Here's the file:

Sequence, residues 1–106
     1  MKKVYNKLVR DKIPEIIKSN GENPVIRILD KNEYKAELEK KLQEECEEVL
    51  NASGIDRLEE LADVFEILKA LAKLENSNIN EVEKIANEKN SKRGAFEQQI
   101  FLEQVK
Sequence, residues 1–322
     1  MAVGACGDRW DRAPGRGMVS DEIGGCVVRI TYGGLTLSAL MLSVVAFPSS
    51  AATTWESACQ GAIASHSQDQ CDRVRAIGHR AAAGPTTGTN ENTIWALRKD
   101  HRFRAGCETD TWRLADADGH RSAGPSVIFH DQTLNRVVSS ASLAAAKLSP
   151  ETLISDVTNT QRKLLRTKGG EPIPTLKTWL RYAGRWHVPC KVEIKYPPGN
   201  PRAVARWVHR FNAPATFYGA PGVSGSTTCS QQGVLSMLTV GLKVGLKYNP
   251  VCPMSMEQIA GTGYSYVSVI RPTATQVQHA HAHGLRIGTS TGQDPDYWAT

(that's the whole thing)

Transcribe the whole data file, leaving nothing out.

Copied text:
Sequence, residues 1–106
     1  MKKVYNKLVR DKIPEIIKSN GENPVIRILD KNEYKAELEK KLQEECEEVL
    51  NASGIDRLEE LADVFEILKA LAKLENSNIN EVEKIANEKN SKRGAFEQQI
   101  FLEQVK
Sequence, residues 1–322
     1  MAVGACGDRW DRAPGRGMVS DEIGGCVVRI TYGGLTLSAL MLSVVAFPSS
    51  AATTWESACQ GAIASHSQDQ CDRVRAIGHR AAAGPTTGTN ENTIWALRKD
   101  HRFRAGCETD TWRLADADGH RSAGPSVIFH DQTLNRVVSS ASLAAAKLSP
   151  ETLISDVTNT QRKLLRTKGG EPIPTLKTWL RYAGRWHVPC KVEIKYPPGN
   201  PRAVARWVHR FNAPATFYGA PGVSGSTTCS QQGVLSMLTV GLKVGLKYNP
   251  VCPMSMEQIA GTGYSYVSVI RPTATQVQHA HAHGLRIGTS TGQDPDYWAT